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in the president's mind and what has been described to me by a lot of people it's hard for him to separate the two because if he -- every time he brings up, are everyone is looking at his contacts with russia, his contacts' contacts with are, and they believe it's a struggle and lose-lose for him and if he brings it up it will automatically trigger those conversations about what people he knew were talking with russian officials. >> we 14u9d poishould point out just ask donald trump in 2016, the court documents said she was introduced to influential party one, one of whom announced to run for the presidency of the united states shortly thereafter, then the governor of wisconsin, so obviously it wasn't just trumpet trying to get to anybody she could get to. >> look, what we don't know is what we don't know about her, right in the extent of her importance. obviously if you're, you know, you're in that role you're going to exaggerate somewhat your own
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importance back to your superiors, so we'll just have to wait and see, but let's not take our eye off the fact that this administration has hammered russians with sanctions. they have been arming the ukrainians and have done -- look in russia right now. the russians are not favorable disposed of this administration. this administration -- and a small country called norway has a gigantic military operation undergoing right on the russian border. the fact that the russians are so upset, they set two bombers to venezuela to kind of poke this administration back in the eye. >> except when trump is in the room with putin. >> an important exception, when trump is in the room with putin it's all love and we won't call him out. if we step back, nothing about this makes sense, okay? you have the national rifle association. you have a banker in russia, a guy running a state bank who by the way has been indicted on money laund energy spain who is a life member, and then in russia -- >> life member of the nra. >> of the nra and then you have a gun rights organization in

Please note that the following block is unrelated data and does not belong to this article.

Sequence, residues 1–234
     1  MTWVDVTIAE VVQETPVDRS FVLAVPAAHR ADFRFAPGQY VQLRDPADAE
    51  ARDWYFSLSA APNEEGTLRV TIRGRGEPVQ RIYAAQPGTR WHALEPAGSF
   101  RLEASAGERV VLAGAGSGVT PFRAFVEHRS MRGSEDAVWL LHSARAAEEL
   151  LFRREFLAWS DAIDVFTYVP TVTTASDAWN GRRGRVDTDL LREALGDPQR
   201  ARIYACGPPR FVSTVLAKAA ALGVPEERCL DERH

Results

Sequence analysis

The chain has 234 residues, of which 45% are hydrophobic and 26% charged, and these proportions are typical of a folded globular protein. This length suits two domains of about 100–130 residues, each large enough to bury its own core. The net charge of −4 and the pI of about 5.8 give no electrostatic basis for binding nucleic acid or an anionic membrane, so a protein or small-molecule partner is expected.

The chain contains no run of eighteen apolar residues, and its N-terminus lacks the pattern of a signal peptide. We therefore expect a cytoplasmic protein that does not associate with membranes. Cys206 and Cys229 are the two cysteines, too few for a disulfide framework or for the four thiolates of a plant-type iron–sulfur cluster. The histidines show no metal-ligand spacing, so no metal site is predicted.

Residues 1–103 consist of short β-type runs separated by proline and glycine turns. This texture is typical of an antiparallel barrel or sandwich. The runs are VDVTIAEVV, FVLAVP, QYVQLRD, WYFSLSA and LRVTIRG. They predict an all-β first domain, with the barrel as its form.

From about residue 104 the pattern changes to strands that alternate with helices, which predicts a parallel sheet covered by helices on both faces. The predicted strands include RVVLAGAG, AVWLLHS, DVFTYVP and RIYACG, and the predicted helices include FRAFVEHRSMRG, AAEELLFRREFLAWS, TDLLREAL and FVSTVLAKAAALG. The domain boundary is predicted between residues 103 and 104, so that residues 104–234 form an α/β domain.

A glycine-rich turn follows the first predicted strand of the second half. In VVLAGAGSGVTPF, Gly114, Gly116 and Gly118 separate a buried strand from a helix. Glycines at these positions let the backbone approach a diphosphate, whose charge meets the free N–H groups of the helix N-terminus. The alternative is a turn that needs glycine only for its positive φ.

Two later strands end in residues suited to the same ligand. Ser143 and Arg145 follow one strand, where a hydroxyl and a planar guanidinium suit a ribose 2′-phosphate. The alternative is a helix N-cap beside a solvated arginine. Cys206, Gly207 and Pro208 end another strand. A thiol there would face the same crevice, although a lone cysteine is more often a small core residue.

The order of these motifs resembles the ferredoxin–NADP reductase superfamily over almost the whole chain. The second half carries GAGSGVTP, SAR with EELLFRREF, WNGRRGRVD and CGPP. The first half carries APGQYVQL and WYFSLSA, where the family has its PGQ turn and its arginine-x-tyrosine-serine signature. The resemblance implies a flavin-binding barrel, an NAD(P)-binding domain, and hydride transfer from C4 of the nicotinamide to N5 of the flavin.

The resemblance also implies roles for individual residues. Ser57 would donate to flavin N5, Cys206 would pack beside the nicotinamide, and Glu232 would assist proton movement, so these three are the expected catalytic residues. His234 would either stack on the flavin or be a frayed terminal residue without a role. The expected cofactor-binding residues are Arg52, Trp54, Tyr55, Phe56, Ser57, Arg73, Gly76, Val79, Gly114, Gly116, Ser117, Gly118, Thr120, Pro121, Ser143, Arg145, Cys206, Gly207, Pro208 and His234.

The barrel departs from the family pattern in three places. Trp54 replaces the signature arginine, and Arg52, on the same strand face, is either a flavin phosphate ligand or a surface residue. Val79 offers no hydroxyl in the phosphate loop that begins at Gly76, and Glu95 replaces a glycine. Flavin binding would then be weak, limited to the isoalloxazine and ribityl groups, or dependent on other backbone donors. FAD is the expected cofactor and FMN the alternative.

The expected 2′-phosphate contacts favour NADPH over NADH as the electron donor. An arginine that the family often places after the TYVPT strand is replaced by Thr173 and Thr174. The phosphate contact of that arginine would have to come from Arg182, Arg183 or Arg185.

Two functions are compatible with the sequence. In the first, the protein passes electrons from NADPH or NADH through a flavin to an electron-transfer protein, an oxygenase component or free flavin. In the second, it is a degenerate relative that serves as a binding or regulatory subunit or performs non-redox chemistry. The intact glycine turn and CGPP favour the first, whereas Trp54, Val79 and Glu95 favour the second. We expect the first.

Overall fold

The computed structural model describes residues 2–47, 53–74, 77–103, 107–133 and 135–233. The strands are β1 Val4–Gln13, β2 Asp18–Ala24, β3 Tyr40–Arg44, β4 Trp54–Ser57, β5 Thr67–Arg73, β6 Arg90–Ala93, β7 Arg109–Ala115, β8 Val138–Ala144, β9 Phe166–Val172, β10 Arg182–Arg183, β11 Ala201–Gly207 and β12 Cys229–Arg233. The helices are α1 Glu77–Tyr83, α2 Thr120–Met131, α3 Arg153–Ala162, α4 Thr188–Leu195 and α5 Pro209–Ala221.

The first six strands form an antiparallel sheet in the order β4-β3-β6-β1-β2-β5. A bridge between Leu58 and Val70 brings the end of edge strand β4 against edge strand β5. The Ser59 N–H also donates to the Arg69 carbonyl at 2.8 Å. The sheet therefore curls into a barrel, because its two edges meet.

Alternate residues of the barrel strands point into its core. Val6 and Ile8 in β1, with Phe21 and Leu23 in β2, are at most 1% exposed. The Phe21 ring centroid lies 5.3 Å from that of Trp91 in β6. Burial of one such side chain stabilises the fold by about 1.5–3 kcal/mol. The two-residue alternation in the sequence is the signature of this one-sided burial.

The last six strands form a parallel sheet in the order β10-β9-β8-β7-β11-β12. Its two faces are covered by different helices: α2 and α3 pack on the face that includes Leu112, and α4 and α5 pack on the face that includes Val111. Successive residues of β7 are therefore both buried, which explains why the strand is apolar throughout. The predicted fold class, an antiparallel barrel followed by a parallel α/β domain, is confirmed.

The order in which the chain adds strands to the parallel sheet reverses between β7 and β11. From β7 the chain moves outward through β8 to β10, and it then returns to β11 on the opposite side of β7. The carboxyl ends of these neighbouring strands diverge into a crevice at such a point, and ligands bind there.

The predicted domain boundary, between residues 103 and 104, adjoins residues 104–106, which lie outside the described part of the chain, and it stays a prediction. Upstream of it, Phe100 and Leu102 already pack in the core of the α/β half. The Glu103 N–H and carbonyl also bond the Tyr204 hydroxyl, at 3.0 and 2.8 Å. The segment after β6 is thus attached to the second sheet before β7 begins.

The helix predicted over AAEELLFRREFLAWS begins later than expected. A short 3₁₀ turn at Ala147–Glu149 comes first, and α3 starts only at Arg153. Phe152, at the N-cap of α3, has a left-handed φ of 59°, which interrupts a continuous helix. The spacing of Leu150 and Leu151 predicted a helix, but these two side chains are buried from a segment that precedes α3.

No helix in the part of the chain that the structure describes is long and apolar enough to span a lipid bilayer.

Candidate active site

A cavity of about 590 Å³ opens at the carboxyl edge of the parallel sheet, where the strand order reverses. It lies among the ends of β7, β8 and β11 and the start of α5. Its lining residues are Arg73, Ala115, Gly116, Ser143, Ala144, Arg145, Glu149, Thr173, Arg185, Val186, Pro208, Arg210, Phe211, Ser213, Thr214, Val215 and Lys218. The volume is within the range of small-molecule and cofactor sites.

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russia, an authoritarian state, why would you have a gun rights organization in an authoritarian state. >> they don't like that. >> you mentioned scott walker, david clark the chsheriff is gog over to meetings with butina in russia. >> david clark is not a high-ranking sglishl why would you have -- high-ranking official. why would you have someone like that with meetings? >> those that there's real shenanigans afoot and russians want to infiltrate and frankly in this case it looks like it wasn't that hard. this isn't a super sophisticated operation she was pulling here. going cpac, hey, can we hang out. that's not a great sign. perhaps because she has decided to cooperate we'll learn more about in and more sophisticated. >> to what end? what were the results?
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we'll find out. >> one thing that i think is definitely true is that with democrats taking over the house, the ra is going to be forced to answer some questions. >> well, that's true. >> unless they plead the fifth, because the republicans have not maryland hearing on this, but i can't imagine democrats won't. >> that's what you would presume. i don't think any nra officials have commented on this yet about what is to come when the democrats take over but you would assume that's what they are going to do among a myriad of other things they promised. >> breaking news about president trump's inauguration. stick around. your brain changes as you get older. but prevagen helps your brain with an ingredient iginally discovered... in jellyfish. in clinical trials, prevagen has been shown to improve short-term memory. prevagen. healthier brain. better life.
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and we have some breaking news in. "the wall street journal" is